The 5am club: I tried it for a week and by day five found myself eating a salted caramel Magnum for breakfast

Can waking up at dawn improve your health and happiness?

'On day eight, I wake up at 5.04am without an alarm. The morning beckons. Do I bound out of bed to seize the day?' Illustration: iStock

It is 5.15am and I am walking down my street, feeling smug. The buildings are bathed in peachy dawn light. “Win the morning and you win the day,” suggests productivity guru Tim Ferriss. The prize is within my sights: an oat-milk latte, my reward for getting up ridiculously early.

The trains have not started running yet and the silence seems to magnify hitherto inaudible sounds. There is a mysterious squawk of gulls. I live in Camden, northwest London, many miles from the seaside. I have certainly never heard them here before.

I note that my neighbours’ gas meter is emitting a weird hum; should I ring their doorbell to let them know? Probably not. On to the deserted six-lane high street where supermarket delivery vans and the occasional bus are the only signs of life.

Perhaps the most poignant aspect of being up and about so early is that it unmasks the lie that London is a 24-hour city. Corner shops that I had assumed were open all night are locked behind graffiti-sprayed shutters. Aha, what is this I see? A human. He is listing from side to side, clearly heading home after a big night.


I pass the coach stop for the airport where three shift workers, discernible by lanyards and their lack of luggage, are staring glassily into the empty road. They are not exactly radiating winning-the-day exuberance.

Further along, outside the 24-hour gym, a couple clad in matching grey Lycra are huddled over a phone screen. Perhaps they are synchronising their workouts? I bid them a cheery good morning, but they scuttle inside like startled mice.

My mood starts to plummet. There is no coffee to be had at any of the eight shuttered cafes I pass, so I head for a patch of green space to meditate. En route, I realise a hooded man has fallen into step with me. Freaked out, I decide to head for home. Is the man following me? I look back. He is not. Lack of sleep is making me unhinged.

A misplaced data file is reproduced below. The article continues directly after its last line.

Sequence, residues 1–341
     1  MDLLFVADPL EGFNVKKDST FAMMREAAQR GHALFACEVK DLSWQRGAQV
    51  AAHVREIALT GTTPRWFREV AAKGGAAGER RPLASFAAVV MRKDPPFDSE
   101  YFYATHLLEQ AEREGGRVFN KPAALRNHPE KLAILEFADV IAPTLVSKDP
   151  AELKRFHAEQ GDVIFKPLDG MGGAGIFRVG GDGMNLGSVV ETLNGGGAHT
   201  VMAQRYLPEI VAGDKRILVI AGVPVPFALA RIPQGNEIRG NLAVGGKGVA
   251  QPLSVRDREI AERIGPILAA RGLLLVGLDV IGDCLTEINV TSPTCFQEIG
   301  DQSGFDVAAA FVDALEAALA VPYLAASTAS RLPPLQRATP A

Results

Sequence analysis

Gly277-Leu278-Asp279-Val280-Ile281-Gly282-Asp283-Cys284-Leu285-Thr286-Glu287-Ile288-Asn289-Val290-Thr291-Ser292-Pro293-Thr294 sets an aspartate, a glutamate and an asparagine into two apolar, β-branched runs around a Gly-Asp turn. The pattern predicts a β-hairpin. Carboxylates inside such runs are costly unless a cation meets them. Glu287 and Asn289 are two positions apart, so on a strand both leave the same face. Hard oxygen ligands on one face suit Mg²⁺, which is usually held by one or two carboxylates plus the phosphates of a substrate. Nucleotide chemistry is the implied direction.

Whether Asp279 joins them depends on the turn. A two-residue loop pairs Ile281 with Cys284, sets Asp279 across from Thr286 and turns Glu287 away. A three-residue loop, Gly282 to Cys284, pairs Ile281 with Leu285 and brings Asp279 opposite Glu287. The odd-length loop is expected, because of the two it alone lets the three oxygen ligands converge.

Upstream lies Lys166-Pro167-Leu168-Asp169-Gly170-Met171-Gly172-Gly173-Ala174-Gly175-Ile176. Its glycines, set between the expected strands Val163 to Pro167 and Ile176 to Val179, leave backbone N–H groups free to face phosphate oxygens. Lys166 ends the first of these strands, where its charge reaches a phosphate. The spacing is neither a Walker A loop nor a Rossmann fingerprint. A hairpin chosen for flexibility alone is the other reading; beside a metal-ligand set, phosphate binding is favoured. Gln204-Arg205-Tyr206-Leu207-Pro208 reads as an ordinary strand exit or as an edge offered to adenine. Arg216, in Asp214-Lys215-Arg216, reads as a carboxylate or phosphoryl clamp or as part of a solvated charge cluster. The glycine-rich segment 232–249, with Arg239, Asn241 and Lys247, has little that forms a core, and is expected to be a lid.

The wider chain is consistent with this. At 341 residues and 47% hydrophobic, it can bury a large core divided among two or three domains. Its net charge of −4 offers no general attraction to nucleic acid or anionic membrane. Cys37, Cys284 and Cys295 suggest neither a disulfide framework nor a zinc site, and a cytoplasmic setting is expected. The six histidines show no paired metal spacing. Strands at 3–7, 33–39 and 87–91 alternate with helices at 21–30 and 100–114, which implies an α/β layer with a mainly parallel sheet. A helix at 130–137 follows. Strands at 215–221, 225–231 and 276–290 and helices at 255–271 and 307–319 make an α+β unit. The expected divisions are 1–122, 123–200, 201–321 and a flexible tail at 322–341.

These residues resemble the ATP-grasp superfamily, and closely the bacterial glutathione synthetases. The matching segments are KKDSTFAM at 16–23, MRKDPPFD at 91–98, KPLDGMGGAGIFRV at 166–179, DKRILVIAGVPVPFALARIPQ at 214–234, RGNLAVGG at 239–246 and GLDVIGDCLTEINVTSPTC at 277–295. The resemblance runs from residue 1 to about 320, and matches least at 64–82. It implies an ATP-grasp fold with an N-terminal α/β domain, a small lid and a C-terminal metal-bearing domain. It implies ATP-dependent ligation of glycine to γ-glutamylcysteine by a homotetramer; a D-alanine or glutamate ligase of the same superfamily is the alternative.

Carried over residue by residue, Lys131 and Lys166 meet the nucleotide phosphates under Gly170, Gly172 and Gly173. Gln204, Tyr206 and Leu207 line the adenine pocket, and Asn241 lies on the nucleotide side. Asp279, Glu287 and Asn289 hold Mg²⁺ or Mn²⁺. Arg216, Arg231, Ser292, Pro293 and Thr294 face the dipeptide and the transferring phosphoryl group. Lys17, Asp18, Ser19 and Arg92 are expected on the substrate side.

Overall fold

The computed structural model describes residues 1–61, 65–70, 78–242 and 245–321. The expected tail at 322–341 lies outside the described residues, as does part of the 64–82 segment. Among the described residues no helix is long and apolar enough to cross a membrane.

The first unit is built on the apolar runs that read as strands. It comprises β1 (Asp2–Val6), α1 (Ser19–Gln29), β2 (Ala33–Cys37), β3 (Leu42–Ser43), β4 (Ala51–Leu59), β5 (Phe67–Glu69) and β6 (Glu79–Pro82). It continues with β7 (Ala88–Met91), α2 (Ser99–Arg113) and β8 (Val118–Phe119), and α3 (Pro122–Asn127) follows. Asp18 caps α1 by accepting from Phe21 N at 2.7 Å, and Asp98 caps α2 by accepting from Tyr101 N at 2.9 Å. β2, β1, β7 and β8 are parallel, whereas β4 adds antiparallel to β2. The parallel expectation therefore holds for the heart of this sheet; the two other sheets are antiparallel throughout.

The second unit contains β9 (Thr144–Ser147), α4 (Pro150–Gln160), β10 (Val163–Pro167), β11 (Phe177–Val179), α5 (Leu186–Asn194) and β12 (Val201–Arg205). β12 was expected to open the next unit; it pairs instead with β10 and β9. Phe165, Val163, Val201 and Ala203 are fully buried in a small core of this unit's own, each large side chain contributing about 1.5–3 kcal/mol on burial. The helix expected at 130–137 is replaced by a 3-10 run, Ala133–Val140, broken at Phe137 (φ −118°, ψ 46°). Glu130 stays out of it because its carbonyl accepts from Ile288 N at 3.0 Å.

Why am I doing this? Because, in an attempt to become one of the elite superbeings who are members of the 5am club, I am trying a week of very early starts. Being an early bird is increasingly popular among the rich and famous, with everyone from Jennifer Lopez, Jennifer Aniston and the Kardashians to tech bros such as Facebook’s Mark Zuckerberg, Apple’s Tim Cook and Twitter founder Jack Dorsey subscribing to the club. So do Anna Wintour and Michelle Obama. Gwyneth Paltrow is a long-time member, sharing on Instagram how she rises at 5am for a 30-minute tongue scrape and Ayurvedic oil pull (me neither), before settling down for 20 minutes of transcendental meditation, followed by a dance workout devised by her friend, the fitness guru Tracy Anderson.

The extreme early start as a cultural phenomenon first exploded on social media, inspired by Robin Sharma’s book The 5am Club and other hashtag-friendly titles such as The Miracle Morning and Power Hour. Leadership guru Sharma’s catchphrase “Own your morning, elevate your life” has inspired legions of smug people – sorry, highly disciplined individuals – to share their impressive #5amClub routines (17.5 million TikTok posts).

I feel exactly like you do when you have got up early to catch a flight, except I am not going anywhere

To a sceptic, there is a degree of magical thinking to much of this. If you can just do this one thing – get out of bed while others snooze – you will have time to get fit, eat healthily and achieve all your goals. Still, after scrolling through a tsunami of turmeric lattes, gratitude journals and sun salutations, I am sufficiently inspired to try it.

Although I am not what you would call a natural lark, my relationship with time was transformed during the pandemic, in common with many others. With nowhere to go in the evening, staying up late became pointless. Gradually, my wake-up time got earlier. As a photographer, rising at dawn to catch the best light makes a lot of sense too.